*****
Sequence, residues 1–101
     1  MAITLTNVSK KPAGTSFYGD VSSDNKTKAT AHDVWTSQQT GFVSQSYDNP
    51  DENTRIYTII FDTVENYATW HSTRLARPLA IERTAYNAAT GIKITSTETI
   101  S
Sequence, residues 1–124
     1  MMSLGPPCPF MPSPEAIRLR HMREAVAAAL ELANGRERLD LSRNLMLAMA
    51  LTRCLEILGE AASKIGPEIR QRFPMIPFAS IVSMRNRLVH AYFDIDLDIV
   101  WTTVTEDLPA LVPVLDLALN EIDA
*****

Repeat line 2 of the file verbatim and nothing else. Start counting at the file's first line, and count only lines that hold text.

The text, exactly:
     1  MAITLTNVSK KPAGTSFYGD VSSDNKTKAT AHDVWTSQQT GFVSQSYDNP